The point seems clear, though: the transition is heating up. Corporate development of 300 electrified models, including 50 fully electric models, indicates that Volkswagen Group is pouring its investment into electrification. Mercedes, BMW, Volvo, and others are most certainly doing the same — whether one year ahead of Volkswagen or one year behind it. Consumers will buy plug-in models from all of these brands — a lot of them.
“We have got the message and we will deliver. This is not some vague declaration of intent. It is a strong self-commitment which, from today, becomes the yardstick by which we measure our performance,” said Matthias Müller, Chairman of the Board of Management of Volkswagen Aktiengesellschaft. “The transformation in our industry is unstoppable. And we will lead that transformation,” said Müller.
Advertising is Critical
Is Volkswagen just pouring money into advertising? Remove the word “just” and that question takes on a different tone. Advertising is important as well. One of our readers, Doug Moulton, stimulated this section of this article earlier today by bringing in an old quotation/saying: “advertising is the best investment.”
I’ve said repeatedly that the #1 barrier to quicker electric car adoption is now simply lack of consumer awareness, including lack of experience. Volkswagen’s efforts to make electrification its focus is a way to counter that deficiency.
If Volkswagen gives the public a strong sign the future is electrification, common Joe & Jane, or Franz & Helga, will start to open their minds to electric transport.
If Volkswagen gives investors and suppliers the sign that it is shifting its focus to electric transport, their investments and business plans will change. This is Volkswagen Group — the family of Volkswagen, Audi, Porsche, Škoda, Seat, Bentley, Bugatti, and Lamborghini. This is no small fish. It is currently neck and neck with Toyota for the title of world’s largest automaker. An ambitious startup is exciting, but €50 billion worth of tenders for EV batteries is no joke.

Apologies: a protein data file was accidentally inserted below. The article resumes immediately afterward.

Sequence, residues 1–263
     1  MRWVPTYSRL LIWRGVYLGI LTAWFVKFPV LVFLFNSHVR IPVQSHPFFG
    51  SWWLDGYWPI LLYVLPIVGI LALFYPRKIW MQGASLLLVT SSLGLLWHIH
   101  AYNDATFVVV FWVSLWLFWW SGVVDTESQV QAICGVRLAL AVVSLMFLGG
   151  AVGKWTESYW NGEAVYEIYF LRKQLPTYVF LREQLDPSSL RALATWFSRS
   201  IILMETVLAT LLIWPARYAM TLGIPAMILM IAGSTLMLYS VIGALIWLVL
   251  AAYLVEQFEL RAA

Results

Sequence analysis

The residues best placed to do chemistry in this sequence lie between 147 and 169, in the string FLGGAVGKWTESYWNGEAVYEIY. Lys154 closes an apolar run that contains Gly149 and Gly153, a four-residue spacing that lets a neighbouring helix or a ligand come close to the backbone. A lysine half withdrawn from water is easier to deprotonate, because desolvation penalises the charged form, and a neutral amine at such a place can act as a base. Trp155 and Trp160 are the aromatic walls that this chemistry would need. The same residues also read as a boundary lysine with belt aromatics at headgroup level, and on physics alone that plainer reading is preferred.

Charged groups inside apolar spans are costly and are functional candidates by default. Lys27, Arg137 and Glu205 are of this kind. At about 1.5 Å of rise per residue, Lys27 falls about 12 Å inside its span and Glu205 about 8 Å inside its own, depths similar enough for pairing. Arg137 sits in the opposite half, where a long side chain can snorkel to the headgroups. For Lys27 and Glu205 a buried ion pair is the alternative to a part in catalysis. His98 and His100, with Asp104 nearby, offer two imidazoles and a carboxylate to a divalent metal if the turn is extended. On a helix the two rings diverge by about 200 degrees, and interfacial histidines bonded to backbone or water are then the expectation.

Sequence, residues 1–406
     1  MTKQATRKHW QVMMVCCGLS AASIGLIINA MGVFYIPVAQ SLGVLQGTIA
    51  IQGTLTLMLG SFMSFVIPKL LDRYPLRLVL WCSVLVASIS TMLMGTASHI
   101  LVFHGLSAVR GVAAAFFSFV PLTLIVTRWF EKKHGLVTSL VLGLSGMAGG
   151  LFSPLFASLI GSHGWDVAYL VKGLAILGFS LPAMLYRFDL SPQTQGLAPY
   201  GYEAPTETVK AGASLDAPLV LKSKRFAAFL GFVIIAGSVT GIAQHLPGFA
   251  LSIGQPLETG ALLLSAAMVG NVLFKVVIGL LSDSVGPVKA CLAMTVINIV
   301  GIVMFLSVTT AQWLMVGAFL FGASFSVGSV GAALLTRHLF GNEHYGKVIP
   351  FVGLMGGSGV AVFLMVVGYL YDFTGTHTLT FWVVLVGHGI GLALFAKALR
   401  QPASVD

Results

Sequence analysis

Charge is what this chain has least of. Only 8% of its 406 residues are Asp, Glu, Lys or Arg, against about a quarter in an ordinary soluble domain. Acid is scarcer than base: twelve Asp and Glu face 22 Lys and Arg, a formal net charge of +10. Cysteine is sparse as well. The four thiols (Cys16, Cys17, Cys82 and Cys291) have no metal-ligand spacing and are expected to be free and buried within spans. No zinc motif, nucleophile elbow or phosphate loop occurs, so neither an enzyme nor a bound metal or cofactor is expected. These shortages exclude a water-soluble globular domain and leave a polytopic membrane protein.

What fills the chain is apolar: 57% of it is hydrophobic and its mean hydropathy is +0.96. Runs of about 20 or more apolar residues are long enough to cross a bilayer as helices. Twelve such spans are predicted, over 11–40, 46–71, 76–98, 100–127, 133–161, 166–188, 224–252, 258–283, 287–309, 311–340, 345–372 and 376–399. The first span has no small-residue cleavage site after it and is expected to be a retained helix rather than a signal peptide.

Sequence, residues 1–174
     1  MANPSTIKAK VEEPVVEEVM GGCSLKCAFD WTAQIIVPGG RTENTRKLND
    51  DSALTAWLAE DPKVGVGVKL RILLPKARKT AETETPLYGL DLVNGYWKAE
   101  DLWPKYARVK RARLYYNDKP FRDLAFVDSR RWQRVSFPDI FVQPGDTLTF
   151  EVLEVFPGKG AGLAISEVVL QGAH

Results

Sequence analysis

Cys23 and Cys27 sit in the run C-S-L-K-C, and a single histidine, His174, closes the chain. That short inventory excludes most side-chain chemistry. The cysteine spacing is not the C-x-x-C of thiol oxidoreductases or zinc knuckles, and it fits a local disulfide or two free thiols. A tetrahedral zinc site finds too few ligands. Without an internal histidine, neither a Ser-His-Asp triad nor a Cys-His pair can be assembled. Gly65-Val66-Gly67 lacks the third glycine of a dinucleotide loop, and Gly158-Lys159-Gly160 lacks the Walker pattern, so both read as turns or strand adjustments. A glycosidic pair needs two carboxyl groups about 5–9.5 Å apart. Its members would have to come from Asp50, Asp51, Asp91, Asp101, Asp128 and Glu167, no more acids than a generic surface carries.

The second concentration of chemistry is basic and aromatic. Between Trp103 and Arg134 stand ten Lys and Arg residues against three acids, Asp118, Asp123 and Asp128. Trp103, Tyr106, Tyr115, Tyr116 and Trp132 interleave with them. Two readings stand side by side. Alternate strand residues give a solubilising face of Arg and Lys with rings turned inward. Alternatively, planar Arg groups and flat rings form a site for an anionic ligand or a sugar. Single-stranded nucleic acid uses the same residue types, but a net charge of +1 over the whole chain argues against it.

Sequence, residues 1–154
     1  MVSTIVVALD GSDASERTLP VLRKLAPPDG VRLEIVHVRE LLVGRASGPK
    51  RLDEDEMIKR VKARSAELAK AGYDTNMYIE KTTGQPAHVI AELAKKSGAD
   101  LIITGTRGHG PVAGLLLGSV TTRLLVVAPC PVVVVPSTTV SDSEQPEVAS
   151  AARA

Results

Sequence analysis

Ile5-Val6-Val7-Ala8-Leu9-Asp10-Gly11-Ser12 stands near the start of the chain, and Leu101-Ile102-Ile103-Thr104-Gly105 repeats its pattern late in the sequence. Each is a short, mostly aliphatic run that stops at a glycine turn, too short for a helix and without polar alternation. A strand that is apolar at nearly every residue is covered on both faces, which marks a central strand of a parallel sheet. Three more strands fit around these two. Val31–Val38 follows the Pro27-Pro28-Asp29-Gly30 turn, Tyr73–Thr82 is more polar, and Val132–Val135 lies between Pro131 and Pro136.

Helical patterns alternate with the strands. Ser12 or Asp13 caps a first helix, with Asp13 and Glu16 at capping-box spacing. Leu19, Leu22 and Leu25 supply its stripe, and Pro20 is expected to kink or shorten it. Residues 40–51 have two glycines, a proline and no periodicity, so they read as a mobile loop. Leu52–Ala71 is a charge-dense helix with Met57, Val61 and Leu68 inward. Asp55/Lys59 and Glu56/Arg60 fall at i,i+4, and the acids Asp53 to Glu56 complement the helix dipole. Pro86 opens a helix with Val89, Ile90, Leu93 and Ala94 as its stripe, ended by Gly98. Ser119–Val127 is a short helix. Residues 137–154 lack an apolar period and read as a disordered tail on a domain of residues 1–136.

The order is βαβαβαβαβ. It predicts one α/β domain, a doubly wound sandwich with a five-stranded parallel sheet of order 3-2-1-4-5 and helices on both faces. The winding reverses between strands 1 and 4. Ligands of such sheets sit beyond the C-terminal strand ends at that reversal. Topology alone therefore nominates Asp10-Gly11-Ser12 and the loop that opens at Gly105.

I like the way one of our readers framed the story a few hours ago:
“EV business from now on is like Texas hold’em poker: Tesla paid big blind (GF) and went all in. VW raised 4 times big blind and now we are waiting Daimler’s and BMW’s (and others) move. Will they call it or even re-raise? One thing is sure, there is very little room for new comers from now on, especially since German manufacturers have companies like Bosch as supplier for components. Tesla’s chance to win first round is that it has two aces on hand otherwise they will loose everything.
“VW really raised the ante. 50 pure electric vehicle by 2025 is serious commitment. If they have technical advantage to other manufacturers then I predict difficult times to many current EV manufacturers, including Tesla.”
25% by 2025 — Ambitious or Conservative?
Plans and advertising are only part of the game, of course. Implementation is most critical. If Volkswagen implements exactly as it is projecting, it says that “around one in four new Group vehicles – up to three million units a year depending on how the market develops – could already be purely battery-powered in 2025.” But what will the results be in reality.
Again, I think it’s worth bringing Tesla’s goals into the picture in order to put this into more context. Tesla was initially aiming for 500,000 cars a year by 2020, but increased that target to 1 million. We have no real idea what its 2025 target is. However, if you project Tesla’s upper estimate that there will be demand for 2 million sales of the Model 3 and Model Y annually, add in a bullish 200,000 for the Model S and Model X combined, and add in a perhaps super bullish 500,000 for a Tesla pickup truck, you are nearly at Volkswagen Group’s 3 million units estimate. Furthermore, Volkswagen Group will be selling partially electrified plug-in hybrids that will normally drive on electricity the majority of the time but require less investment for and less pollution from battery production.
If implementation is poor, low demand or inadequate supply could result in Volkswagen’s 3 million estimate being far too high — at which point the company execs could complain about lack of consumer demand. However, if battery price trends, consumer awareness, and electric car adoption increase quickly along a steep S-curve, it’s conceivable that 3 million will be an underestimate. If that’s the case, it seems the company will happily announce that it is doing better than expected, is leading the EV market, and deserves gigawatt-hours of praise.